The main sponsor of this infamous “Show Us Your Papers” bill, then Senate President Russell Pearce, the self-described head of the Tea Party Republicans in Arizona, had made it clear that no matter how many immigrant families were terrorized and segregated, or how much it was Costing the state’s economy, which relied heavily on the cheap labor of undocumented immigrants, he was determined to deport as many of my immigrant brothers and sisters as possible and as quickly as possible. My wife and I are US citizens, but the insidious nature of the legislation was felt when my 7-year-old daughter tearfully asked me one evening if we were going to be arrested. I held her and assured her that this would not happen, knowing that tens of thousands of immigrant parents across the state couldn’t say the same thing.
A lot has changed in 10 years. The SB 1070 in Arizona and the Trump administration’s persecution of immigrants and refugees have sparked a wave of grassroots resistance here and across the country that has helped vote more progressives for Congress, and the Arizona likely in the November will turn blue. But for now, at least, my people are still being hunted by federal immigration and complicit local police – and now a deadly coronavirus.
At the time of this writing more than 42,000 Latinos died of Covid-19 and died at one and a half times the rate of whites, according to the COVID Tracking Project. More than 39,000 blacks have died from the coronavirus – worse, almost two and a half times as likely as whites. Latinos and blacks are hospitalized with the virus more than four and a half times more than whites, and both communities have been depressed by the economic fallout from the pandemic. When asked at press conferences in early April about the disproportionate impact of Covid-19 on people of color, Trump called it “terrible,” insisted that his administration “do everything in our power to meet this challenge,” and left how low it is. Unemployment rates were for blacks and Latinos before the pandemic. For the past five months, the president has been pushing for low-income Latinos to work in agriculture, restaurants, hotels, and meat-packing plants across the country.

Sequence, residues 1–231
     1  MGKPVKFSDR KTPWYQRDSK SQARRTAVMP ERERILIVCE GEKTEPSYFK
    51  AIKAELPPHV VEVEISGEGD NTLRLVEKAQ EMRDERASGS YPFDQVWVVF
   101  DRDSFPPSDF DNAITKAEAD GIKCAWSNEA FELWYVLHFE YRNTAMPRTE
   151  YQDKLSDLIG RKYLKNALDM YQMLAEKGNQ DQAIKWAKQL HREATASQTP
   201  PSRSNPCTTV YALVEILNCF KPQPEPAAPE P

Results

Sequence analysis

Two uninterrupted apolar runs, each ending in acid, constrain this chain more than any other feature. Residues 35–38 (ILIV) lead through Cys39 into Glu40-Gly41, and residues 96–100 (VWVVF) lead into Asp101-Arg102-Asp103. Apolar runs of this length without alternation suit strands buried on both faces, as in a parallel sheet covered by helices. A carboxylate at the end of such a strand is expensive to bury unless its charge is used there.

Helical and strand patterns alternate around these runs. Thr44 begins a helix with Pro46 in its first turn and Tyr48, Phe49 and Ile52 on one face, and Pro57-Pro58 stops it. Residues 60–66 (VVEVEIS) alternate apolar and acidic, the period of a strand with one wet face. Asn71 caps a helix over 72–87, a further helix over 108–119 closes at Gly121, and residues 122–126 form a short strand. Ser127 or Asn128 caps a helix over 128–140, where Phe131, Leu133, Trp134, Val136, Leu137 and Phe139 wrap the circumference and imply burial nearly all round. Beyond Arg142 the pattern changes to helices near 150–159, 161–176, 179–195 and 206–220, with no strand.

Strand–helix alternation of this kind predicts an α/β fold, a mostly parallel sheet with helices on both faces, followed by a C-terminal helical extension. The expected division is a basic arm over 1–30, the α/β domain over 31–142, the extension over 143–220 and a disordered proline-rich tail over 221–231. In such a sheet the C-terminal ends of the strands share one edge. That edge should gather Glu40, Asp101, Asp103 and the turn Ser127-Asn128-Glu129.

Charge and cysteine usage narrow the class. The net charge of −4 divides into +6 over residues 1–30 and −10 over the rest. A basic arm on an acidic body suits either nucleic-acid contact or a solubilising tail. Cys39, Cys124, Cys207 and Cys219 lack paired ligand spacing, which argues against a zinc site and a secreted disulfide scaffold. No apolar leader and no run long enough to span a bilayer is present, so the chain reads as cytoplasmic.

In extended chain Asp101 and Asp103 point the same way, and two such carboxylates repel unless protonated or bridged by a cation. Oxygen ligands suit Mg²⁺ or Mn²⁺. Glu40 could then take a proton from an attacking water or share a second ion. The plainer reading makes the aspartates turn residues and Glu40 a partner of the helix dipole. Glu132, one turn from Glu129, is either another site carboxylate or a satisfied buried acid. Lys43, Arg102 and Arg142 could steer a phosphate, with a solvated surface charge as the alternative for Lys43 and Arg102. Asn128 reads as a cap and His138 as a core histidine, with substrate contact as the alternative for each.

In Maricopa County, which also includes Phoenix, around 50 percent of the 141,000+ Covid cases were among Latinos. (We make up 31 percent of the county’s population.) In Phoenix, almost every city block in our Latino neighborhoods could be littered with shrines to the sick and dead.
All of this comes from an increase in biased crimes against Latinos in recent years, even in a national context, according to FBI data. The most hideous example of anti-Latino hatred was in August 2019 when a white supremacist shot and killed 46 people at an El Paso Walmart. The shooter killed 22 people, almost all of them Latinos. (A 23rd victim died in April.) The killer, who confessed, told police he drove 10 hours from his Dallas suburb to the border to “kill Mexicans” and “stop the Hispanic invasion” – words that President Trump had repeated more than 20 times in the eight months before filming. El Paso made me feel like Latinos had moved from hunting to massacre. Little did we know that a Scourge was showing up just around the corner.